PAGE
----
To Stay Or Go: One Alum’s Struggle To Teach Beyond Two
“There are few things in my life that are certain. I don’t know how much I’ll pay for a gallon of gas or milk next week, I don’t even know how much I’ll have to pay to finish school next semester …There is one thing that I am certain I want to do: I want to teach.”
That was the opening statement of my letter of intent in September 2008, when I was applying for Teach For America. I wasn’t being facetious either. I had been planning on teaching high school English since I was 16. When I was placed at a charter school teaching high school English. I figured I was in this for life.
Life has a funny way of working, though, and a year and a half later, I found myself weighing the options of either staying and seeing my students (many of whom would be seniors) graduate, or combing the TFANet JOB board (which is amazing, by the way) for a new position after finishing my second year.
It was a difficult pill to swallow. Admitting that maybe, just maybe, my once-dream job was not really what I was meant to do was really humbling and terrifying.
There were a lot of reasons to stay, but there were also reasons to leave: I felt that I could make a bigger impact at the regional or national level, and I also was starting to see there were other fields I was more interested in. I wrote, at one point: “I feel like, at 23, I owe it to myself to find a job I really love.”
That’s all true, but another simple fact was that I was tired. I was so tired. The emotional strain of teaching every day was just becoming too much, and as much as I loved my students and wanted to do right by them, I wasn’t happy.
As much as the idea of leaving felt like it might be a relief, there was an enormous pit in my stomach whenever I thought about leaving. My advisory, the “Avengers,” who I had seen nearly every school day during my time as a teacher, would be graduating next year. I wanted nothing more than to see their smiling faces in June 2012 and tell them how proud I was of the work they had done while handing them their diplomas.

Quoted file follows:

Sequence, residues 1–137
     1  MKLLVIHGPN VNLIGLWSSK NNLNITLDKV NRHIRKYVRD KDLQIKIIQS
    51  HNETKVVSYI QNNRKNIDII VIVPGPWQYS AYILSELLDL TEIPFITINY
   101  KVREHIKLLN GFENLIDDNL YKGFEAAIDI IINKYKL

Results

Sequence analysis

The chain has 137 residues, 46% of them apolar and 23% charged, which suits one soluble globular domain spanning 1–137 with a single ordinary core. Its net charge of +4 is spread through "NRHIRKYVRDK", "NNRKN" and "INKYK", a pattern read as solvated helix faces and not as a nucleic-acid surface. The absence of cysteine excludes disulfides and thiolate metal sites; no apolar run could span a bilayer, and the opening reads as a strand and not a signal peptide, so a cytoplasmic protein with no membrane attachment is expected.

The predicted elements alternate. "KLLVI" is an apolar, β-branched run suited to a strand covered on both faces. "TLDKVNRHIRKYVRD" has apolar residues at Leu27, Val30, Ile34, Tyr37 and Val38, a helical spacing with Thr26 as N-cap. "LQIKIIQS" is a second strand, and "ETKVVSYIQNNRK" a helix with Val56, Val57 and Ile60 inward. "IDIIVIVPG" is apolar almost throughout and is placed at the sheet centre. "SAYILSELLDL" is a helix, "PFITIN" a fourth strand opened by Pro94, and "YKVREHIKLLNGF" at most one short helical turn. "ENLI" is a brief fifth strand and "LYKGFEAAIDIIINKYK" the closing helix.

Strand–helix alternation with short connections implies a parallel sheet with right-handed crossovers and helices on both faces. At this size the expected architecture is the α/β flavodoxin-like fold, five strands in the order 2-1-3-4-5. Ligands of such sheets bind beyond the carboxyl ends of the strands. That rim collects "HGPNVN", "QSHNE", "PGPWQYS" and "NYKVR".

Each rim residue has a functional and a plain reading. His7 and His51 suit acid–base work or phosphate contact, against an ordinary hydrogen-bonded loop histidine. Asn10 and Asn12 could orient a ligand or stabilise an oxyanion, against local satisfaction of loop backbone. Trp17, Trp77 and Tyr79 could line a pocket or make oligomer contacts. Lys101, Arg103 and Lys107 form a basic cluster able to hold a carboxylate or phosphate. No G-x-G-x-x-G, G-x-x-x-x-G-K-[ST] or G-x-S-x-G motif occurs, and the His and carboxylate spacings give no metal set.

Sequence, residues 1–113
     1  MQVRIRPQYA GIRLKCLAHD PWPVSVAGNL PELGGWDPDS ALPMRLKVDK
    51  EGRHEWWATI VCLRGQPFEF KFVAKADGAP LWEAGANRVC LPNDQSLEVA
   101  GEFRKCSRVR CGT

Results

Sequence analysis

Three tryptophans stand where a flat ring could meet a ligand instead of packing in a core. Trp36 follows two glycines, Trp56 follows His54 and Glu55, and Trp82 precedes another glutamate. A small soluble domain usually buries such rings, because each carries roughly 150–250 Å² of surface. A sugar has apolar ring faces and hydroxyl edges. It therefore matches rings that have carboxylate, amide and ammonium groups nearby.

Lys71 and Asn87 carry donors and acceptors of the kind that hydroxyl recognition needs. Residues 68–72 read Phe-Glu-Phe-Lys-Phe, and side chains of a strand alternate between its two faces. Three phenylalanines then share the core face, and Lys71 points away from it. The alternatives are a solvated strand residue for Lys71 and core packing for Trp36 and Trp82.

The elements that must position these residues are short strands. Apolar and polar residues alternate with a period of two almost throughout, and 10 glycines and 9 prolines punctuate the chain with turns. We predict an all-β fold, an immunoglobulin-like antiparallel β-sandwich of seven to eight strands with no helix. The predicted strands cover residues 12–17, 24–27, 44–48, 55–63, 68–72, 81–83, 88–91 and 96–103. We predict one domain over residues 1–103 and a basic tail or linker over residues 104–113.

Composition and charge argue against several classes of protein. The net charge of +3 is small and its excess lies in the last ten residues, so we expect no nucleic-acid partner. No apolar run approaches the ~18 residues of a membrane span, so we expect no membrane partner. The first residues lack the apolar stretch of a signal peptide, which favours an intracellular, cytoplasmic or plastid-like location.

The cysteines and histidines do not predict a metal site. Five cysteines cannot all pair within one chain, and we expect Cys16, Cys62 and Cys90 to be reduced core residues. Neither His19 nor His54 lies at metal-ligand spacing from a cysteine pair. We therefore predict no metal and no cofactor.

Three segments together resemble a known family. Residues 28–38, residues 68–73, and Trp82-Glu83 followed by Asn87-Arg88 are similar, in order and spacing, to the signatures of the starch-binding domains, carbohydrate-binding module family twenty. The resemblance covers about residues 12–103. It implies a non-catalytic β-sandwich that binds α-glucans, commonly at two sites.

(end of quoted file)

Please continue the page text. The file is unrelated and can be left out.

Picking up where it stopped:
One night though, I was reading some article in the news about teachers, and in the comments, someone briefly recollected having one of “those teachers.” You know, the teachers people talk about who seem like they hate their lives, have given up on kids, but allegedly stayed because they didn’t want to find other work/had tenure/[insert selfish reason here].
That’s when it hit me: As desperately as I had wanted to be a teacher, I desperately wanted to avoid becoming that teacher.
I wanted to be there for my students. I wished I had it in me to buck up, and force myself to stick it out. Yet, I felt that if I stayed, I would be there-but-hating-it, I would not be an effective teacher. I wouldn’t be happy, passionate, or excited, but probably angry, checked-out and bitter.
My students deserve more than that. They deserved a teacher who could give them everything—who could inspire them to see the potential in them that I saw, who could jump in with both feet and truly commit to changing their lives. It feels horrible to say, even now, but I just wasn’t sure how much longer I could do that.
So, I made the heartbreaking choice to make my second year of teaching my last (for now). Do I regret it? Most days: no. My kids were able to have an amazing veteran teacher take over as their advisor, and I think we all ended up better for it in the long run.
There are days though, when I think about them, and my heart swells with the “what-ifs”. After taking a job in Hawaii, I had to watch “the Avengers,” graduate via camera phone. I sobbed the entire time, partially out of a guilt that haunts me, even two years later. Mostly, though, because I was so ridiculously proud of what this group of kids had done.
Look, I can’t guarantee that if you’re thinking about leaving the classroom after your second year like I was, it’s the right choice. I have never once regretted the work I did and the love I found for my students during those two years I was in the corps. I also want to make a strong stance that if you choose to leave the profession, you do it at a time that keeps your students’ and school’s best interest at heart.
At a certain point though, it is important to take a step back and include yourself in that equation, too. You deserve time to reflect on how the past two years have transformed you as a person. Maybe that means you stay in the classroom. Maybe that means you realize that, after your two years in the corps, you are better suited advocating for our students as a lawyer, doctor, politician, on staff, or supporting us from the private sector.
When I think now about the choice I made to leave and it hurts, I try and remember what Cristian, one of my “Avengers” said when I told him I was leaving the private sector to join to Teach For America staff.
“Miss, if you taught me anything, it was to follow my dreams and not give up. I hope you do that too.”